As the Chief Security Officer of XREX, I started blockchain Web3 security internal training in March to improve our know-how in Web3 security analytical skills, and also blockchain and cryptocurrency anti-money laundering (AML) threat analysis.
We started by hosting a few internal Web3 and security workshops. Through the experience of improving the engineering team’s knowledge using real case studies, I compiled these two open-source repositories DeFiHackLabs and DeFiVulnLabs as learning material and for information sharing.
Every time a DeFi project is hacked, XREX internally analyzes the root cause of the incident and attempts to reproduce the hacker’s methodology. We simulate the method of the perpetrator’s attack vector on smart contracts by using a fork of a specific block from the mainnet, then observe changes in the balance status. Every attack incident is a lesson to help us avoid making the same mistakes for our future development.
I believe these valuable experiences can also benefit more people. So in mid-June, a Web3 security tool, DeFiHackLabs, was open-sourced and the Proof of Concept (POC) of past analyzed security incidents is now available to anyone.
I used Foundry, an Ethereum development tool launched by Paradigm, as the framework because it is fast to compile, integrates many practical functions and is easy to use. For more information on Foundry, please refer to the Foundry Book.
My original intention was to contribute to information security as Web3 is still developing. I published my work on Twitter as I would do normally. To my surprise, I received numerous Twitter notifications soon after tweeting and found that my tweet was retweeted by Georgios Konstantopoulos, CTO of Paradigm, drawing a good response from the community.
Afterward, I received many private messages, asking if there is any tutorial on common vulnerabilities in Solidity suitable for newbies or new engineers.
Upon learning about these needs, I developed another open-source tool, DeFiVulnLabs, in early July. It includes a curated list of common Solidity vulnerability testing and defense methods. I was surprised by the number of retweets and traffic of 40,000 visits in a single day. It can only be concluded that many people are interested in blockchain technology development and actively want to improve their information security capabilities.
I am excited about how this has turned out, and I look forward to continuing my work on Web3 in the future and contributing to our collective knowledge.
In this blog, I’m sharing with you DeFiHackLabs and DeFiVulnLabs, two sets of Web3 security tools, and how to use them. I hope that these tools will aid you when you build smart contracts and develop DeFi projects. Hopefully, you will be able to avoid falling into some common and advanced pit-falls.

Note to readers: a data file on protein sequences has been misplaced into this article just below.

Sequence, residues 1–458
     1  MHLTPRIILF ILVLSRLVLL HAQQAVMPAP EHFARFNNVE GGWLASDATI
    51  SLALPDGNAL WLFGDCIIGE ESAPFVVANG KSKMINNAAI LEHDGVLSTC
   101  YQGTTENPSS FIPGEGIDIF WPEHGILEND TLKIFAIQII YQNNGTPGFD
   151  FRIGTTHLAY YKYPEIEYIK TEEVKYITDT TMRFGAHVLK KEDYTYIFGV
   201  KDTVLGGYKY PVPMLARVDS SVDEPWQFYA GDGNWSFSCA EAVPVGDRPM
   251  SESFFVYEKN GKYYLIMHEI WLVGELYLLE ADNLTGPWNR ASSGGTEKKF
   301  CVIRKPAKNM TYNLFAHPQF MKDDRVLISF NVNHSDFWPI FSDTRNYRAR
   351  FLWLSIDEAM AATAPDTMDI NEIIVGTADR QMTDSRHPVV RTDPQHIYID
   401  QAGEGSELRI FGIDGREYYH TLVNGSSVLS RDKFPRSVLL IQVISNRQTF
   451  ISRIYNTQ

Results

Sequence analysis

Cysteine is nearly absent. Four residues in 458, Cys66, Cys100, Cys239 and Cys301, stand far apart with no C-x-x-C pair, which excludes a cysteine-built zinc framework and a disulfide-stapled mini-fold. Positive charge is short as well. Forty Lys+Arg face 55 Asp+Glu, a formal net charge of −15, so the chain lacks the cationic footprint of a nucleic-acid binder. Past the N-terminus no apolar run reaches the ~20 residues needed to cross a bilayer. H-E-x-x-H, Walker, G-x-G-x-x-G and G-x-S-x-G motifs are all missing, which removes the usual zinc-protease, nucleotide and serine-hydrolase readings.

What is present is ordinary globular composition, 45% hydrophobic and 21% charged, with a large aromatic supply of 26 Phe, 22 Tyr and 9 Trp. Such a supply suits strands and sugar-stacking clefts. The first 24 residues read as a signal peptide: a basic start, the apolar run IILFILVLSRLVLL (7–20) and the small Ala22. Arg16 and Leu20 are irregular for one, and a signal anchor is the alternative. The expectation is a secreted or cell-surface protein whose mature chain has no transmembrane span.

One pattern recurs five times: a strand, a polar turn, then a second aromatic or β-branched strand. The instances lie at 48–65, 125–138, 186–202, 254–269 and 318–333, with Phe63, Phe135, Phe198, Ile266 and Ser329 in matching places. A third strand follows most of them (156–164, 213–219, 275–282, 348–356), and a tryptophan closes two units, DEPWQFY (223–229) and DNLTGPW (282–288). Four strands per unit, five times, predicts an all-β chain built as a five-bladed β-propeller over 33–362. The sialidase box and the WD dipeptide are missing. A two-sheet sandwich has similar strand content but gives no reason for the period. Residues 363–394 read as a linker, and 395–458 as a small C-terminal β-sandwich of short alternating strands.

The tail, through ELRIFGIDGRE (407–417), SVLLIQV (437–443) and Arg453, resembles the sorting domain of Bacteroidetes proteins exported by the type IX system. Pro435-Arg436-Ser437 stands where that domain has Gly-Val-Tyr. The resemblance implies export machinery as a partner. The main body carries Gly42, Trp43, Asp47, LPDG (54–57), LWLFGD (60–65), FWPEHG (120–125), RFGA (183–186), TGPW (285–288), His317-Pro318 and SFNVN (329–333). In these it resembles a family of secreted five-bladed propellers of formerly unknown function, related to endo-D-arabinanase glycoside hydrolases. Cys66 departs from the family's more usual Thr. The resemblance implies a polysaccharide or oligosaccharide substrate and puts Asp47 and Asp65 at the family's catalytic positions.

DeFiVulnLabs (Level: Beginner)
DeFiVulnLabs currently includes 19 common types of vulnerabilities in smart contracts, as listed in the following table:
How to use:
Take ERC777 callbacks and reentrancy as an example:
The smart contract requires that the total supply of tokens must be ≤ 1000. Otherwise, new tokens are not allowed to be minted. Can you bypass the maximum total supply limit?
forge test––contracts ./src/test/ERC777-reentrancy.sol -vvv
The -v parameter represents logs and Execution traces of the test code with a total of five levels.
The execution output looks like this:
We excerpted key execution traces to explain why the token balance can be increased from 1,000 to 10,000, as shown in the following figure:
It can be seen that when the attack contract
ERC1820Registry contract will call back
ContractTest.tokensReceived(), which means that the attacker can write malicious code in
tokensReceived() and re-enter the execution flow of the
The malicious code here is to call
MyERC777.mint() again, causing the token contract to mint 9,000 tokens to the attacking contract again. Finally, you can see that the balance of the attack contract has a total of 10,000 Tokens.
DeFiHackLabs currently includes 46 reproductions of past DeFi security incidents. You can learn past attack methods from the real world and avoid stepping into the same pit!
Recently, Foundry supports the ability to fork different blocks at one time, or cross-chain, without bringing in the fork-url from the CLI and fork-block-number parameter is more convenient for testing.
How to use:
Take InverseFinance — Flashloan and Price Oracle Manipulation as an example:
forge test––contracts ./src/test/InverseFinance_exp.sol -vvv